Fox Broadcasting's failure to turn its billion-dollar investment in NFL football into a Sunday night ratings bonanza has tackled its first victim as the network's youthful programming chief, Sandy Grushow, was ousted by Fox Inc. Chairman Rupert Murdoch.
Grushow abruptly left the network Wednesday in what has become one of Hollywood's fastest-revolving executive-suite doors. He was running Fox at a time when Murdoch is trying to elevate it from an upstart fourth network targeting "Clearasil kids" to become a broad-based entertainment giant that will overtake ABC, CBS and NBC.
John Matoian, a Fox film executive and former CBS Entertainment executive, will succeed Grushow in the chief programming post.
Grushow's departure, which had been rumored, underscores Murdoch's idiosyncratic management style that has led to the resignations of several Fox executives since he became more involved with the studio's affairs several years ago.
Ironically, Grushow's exit comes at a time when Fox's ratings appear to be on an uptick. Fox's ratings so far this season have climbed 4% from the same period a year ago, pushed up by such hits as "X-Files" and the network's Tuesday night movie.
However, Fox has had problems. Several aging series such as "Married With Children" and "The Simpsons" have lost steam. More important, a key decision to flip days and time periods for some key shows--moving "Martin" and "Living Single" to Thursday while sliding "The Simpsons" back to Sunday--appears to have misfired.
But the biggest disappointment was Fox's failure to build upon its new Sunday National Football League broadcasts. Though the telecasts themselves have been highly rated, the billion-dollar NFL gambit was also expected to fuel Fox's Sunday night viewing levels.
In fact, "Fortune Hunter," the Fox show that comes on directly following the NFL telecast, embarrassingly turned out to be the lowest-rated show of the week.
Still, several industry executives blamed Grushow's departure more on different operating strategies between him and Murdoch than on any gross programming miscalculation.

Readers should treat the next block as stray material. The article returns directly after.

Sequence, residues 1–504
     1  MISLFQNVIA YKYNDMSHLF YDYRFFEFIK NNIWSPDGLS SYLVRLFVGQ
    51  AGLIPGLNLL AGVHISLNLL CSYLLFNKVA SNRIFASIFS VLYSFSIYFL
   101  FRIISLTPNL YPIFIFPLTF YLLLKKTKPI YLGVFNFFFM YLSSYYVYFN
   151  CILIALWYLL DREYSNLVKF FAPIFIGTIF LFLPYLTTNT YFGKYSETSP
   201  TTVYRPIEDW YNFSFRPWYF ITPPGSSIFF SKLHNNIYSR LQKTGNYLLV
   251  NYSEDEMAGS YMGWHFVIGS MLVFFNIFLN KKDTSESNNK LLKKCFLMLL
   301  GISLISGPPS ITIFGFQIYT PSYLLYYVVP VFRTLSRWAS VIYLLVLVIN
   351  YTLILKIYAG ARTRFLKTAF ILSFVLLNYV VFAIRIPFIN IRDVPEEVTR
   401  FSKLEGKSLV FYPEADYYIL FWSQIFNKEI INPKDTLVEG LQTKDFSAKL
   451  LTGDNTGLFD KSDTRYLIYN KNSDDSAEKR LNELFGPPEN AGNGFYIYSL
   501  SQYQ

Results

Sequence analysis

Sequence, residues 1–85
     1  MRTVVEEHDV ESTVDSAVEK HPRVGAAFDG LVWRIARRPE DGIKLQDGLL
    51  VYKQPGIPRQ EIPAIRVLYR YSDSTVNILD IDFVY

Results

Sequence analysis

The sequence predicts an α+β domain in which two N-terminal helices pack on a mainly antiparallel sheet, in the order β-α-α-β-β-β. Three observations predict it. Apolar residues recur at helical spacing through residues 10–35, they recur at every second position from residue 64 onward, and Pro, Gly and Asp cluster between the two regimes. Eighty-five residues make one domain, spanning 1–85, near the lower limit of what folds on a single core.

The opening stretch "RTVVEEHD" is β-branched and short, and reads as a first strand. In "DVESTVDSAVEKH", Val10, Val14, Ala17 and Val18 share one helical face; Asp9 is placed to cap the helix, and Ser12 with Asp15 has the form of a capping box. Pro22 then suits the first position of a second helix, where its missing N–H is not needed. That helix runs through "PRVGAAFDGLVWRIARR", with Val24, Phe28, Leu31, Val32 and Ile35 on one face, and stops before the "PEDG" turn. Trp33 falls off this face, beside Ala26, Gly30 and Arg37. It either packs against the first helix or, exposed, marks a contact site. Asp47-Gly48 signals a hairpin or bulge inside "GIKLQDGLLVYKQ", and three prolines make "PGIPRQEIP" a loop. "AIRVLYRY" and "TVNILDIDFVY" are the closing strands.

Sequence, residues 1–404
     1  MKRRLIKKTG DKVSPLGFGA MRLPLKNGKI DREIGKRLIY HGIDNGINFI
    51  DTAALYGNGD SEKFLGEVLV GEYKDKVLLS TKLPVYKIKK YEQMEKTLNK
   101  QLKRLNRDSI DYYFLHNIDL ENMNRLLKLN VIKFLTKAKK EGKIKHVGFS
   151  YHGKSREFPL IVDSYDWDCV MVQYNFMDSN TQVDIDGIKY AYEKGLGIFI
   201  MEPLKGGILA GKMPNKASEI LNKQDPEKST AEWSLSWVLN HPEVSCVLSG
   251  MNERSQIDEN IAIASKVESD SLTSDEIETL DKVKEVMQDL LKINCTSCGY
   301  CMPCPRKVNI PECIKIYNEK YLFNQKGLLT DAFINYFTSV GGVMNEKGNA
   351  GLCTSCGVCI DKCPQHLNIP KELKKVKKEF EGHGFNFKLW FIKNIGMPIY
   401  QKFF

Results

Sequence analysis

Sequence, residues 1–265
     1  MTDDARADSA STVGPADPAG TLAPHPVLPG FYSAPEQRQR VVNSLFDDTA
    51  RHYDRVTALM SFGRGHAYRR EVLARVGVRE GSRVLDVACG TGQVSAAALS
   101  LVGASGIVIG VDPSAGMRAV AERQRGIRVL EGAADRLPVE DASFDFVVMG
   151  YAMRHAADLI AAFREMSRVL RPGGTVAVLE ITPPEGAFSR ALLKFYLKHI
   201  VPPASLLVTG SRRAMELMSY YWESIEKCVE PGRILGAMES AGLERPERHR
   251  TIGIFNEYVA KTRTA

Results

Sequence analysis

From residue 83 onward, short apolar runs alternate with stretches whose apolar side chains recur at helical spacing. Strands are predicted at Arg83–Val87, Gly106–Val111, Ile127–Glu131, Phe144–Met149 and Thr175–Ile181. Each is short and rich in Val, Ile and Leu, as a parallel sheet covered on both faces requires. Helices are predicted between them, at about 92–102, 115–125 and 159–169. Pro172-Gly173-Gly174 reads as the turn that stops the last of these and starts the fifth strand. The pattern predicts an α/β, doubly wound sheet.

"Murdoch pulls the trigger faster than Wild Bill Hickok," said one veteran observer.
Indeed, since 1992, Murdoch's growing presence on the Century City lot has led directly to the departures of former Fox Chairman Barry Diller, former studio chief Joe Roth and two former heads of the Fox network, Jamie Kellner and Lucie Salhany.
Grushow could not be reached for comment Wednesday. A spokesman for Fox declined to comment.
Grushow, 34, joined Fox 11 years ago directly out of UCLA, as an intern in the feature films division. Diller later brought Grushow over to help launch the network's marketing department, and he was eventually named programming head by Kellner.
Grushow, who earns about $500,000 annually, still has two years remaining on a four-year contract.
Some Fox insiders feel that Grushow was never really given the chance to show his mettle at Fox and instead got sidetracked by the company's Darwinian corporate politics.
Shortly after Kellner put Grushow in the programming hot seat, for example, Salhany was named to succeed Kellner, and she became heavily involved in program decision making.
Grushow "was not given the opportunity to run the network from a creative standpoint," one executive said.
Grushow was said to favor adhering to the strengths that made Fox famous: developing shows for the 18-to-35-year-old demographic slice of the audience, exemplified by such shows as "Beverly Hills 90210," "Melrose Place" and "Models Inc."
But Murdoch has wanted to widen the network's demographics to a bigger audience to better compete with ABC, CBS and NBC.
The NFL football contract was the first big step in Fox's attempt to rope in a broader audience beyond its staple teen-and-young-adult viewership.
Matoian, a former senior executive at CBS Entertainment, oversaw that network's prodigious output of TV movies and miniseries.